Now that we had a solid base of quality content, we built out a distribution and link building process to make sure we rose in the rankings and got some eyes on the pages.


Building Links and Distributing Content

Link building is its own monster, and to do it true justice would require its own multi-thousand word blog post.

To summarize, however, we tried all the major link building tactics and some worked better than others.

Generally speaking, the ones that worked the best were the least scalable: they involved relationships that had been built over months and years. On a similar point, the ones that were the least effective were the ones that are the most popular and overused: Skyscraper Technique link building, HARO pitches, roundup posts, etc.

The most important part, in fact, was the process of discovering influencers and link targets to begin with. Since we wanted both high relevance and high authority links, we created a “bullseye” framework to distinguish between Tier 1, 2, and 3 targets.

  • Tier 1 – Blogs and influencers directly related to the Service Hub. These include bloggers who write about customer success and customer success practitioner. It may also include direct competitors to our tools.
  • Tier 2 – Blogs and influencers who are semi-related to customer success. Includes customer experience, survey tools, and user experience software & experts. It may also include other products that don’t directly compete, but they are still kind of related to customer success/support.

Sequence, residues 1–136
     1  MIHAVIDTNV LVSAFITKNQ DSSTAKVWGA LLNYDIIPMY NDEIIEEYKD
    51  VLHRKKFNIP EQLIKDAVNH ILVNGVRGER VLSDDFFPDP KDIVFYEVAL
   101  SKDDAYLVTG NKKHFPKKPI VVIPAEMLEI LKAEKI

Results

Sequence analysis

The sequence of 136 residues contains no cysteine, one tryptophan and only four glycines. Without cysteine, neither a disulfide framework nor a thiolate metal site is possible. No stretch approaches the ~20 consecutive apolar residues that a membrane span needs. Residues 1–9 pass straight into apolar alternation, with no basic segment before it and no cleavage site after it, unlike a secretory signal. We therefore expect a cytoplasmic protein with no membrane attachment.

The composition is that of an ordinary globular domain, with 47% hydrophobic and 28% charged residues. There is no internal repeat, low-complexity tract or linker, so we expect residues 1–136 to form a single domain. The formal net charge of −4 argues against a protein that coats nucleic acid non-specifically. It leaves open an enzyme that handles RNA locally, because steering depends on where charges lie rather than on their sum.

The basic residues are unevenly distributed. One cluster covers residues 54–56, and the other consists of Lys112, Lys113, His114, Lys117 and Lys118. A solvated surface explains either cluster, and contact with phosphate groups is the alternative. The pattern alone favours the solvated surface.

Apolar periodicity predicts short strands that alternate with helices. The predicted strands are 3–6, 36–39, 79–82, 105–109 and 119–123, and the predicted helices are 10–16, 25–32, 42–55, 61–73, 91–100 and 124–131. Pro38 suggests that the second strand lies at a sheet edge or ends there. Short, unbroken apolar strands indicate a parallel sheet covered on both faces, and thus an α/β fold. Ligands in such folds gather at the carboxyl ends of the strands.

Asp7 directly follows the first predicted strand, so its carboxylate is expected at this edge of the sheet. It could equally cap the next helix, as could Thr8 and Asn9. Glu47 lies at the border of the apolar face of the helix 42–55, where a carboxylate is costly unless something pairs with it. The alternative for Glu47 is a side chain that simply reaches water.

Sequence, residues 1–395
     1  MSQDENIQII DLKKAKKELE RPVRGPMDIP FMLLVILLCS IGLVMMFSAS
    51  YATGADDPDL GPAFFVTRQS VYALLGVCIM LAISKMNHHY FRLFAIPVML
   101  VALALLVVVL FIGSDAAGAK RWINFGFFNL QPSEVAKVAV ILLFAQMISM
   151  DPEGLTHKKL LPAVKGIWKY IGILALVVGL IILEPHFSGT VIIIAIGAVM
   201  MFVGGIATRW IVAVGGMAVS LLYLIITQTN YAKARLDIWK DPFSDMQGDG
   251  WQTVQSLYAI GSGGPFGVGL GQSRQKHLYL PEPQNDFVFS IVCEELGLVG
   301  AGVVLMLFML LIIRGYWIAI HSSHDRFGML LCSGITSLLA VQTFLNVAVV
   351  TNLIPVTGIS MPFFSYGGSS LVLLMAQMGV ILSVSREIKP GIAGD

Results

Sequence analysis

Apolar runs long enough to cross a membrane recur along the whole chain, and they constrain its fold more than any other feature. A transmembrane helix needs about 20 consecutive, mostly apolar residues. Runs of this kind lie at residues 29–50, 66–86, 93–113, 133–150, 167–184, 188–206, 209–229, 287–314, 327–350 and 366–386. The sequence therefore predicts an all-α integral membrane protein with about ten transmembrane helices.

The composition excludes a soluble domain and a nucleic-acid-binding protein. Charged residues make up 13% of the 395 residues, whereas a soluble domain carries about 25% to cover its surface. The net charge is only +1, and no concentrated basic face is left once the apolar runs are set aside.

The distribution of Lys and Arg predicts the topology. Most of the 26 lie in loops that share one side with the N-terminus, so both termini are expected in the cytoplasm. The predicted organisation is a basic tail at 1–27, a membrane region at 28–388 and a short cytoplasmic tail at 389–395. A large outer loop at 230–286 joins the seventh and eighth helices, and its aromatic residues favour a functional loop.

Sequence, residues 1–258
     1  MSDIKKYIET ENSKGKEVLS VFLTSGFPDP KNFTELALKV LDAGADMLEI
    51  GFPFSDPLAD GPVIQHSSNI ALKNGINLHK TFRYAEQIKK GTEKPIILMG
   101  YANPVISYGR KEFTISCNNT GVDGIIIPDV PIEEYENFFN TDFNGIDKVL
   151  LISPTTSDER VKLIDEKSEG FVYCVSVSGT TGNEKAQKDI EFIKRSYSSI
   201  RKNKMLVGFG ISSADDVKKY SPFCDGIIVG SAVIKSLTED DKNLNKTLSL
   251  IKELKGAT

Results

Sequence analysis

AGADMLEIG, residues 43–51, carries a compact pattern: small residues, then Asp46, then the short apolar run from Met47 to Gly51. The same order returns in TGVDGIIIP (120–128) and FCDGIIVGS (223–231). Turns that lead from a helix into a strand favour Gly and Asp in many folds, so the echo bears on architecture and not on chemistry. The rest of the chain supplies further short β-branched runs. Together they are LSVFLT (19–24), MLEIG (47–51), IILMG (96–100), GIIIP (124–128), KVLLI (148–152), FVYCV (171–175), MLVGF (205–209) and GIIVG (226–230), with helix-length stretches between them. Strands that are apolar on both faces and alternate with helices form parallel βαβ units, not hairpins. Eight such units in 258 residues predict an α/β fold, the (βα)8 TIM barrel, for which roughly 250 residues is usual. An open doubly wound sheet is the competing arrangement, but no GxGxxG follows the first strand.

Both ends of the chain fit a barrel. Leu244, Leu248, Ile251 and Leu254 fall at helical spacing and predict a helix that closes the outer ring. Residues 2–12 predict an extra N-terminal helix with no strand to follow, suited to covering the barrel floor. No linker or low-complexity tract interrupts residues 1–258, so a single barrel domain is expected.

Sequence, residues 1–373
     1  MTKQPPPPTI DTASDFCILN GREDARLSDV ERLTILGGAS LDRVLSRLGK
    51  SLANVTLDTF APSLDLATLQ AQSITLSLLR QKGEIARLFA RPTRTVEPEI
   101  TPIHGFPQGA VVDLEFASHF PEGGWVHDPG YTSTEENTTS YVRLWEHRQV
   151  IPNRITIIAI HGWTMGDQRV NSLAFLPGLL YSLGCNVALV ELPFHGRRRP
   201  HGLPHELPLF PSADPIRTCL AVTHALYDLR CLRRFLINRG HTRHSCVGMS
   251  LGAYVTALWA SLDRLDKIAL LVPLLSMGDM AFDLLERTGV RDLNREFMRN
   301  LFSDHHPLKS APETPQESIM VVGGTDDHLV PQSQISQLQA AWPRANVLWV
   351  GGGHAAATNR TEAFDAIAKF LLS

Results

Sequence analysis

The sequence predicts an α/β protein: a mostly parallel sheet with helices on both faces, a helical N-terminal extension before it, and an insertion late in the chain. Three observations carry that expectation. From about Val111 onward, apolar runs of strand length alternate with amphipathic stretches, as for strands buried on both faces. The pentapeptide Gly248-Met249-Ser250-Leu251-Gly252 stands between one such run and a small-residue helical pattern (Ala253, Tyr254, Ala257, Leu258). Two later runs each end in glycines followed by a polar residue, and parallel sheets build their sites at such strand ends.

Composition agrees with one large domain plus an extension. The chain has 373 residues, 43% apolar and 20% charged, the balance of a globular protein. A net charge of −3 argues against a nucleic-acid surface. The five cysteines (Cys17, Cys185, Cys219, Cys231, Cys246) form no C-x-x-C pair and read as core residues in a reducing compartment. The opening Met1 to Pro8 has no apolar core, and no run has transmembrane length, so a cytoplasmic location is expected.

• Tier 3 – Larger blogs and influencers who focus on broader marketing and business topics. Not super related, but due to high domain authority, still opportune link building opportunities (plus, there’s no competitive nature to these sites, so they’re more willing to link to us).

There existed an inverse correlation between our Tiers and the ease of link acquisition.

Tier 1 was the most difficult, mainly because most of the sites and influencers were competing for the same keywords. On the other end of the spectrum, large blogs that write on broad marketing topics generally weren’t too concerned about competing, so it was much easier to work with them.


Measuring, Optimizing, and Beyond

Measurement is important in SEO, and in marketing in general. You need to know if you’re moving in the right direction, and if not, how you can possibly remedy that or optimize your efforts.

To do that without going too crazy watching too many keywords, we followed only the spearheads topics of our content strategy using Accuranker. We figured that if we ranked these, the longer tail keywords and most specific cluster posts would easily follow (and if they didn’t, it would be easy enough to optimize them later on).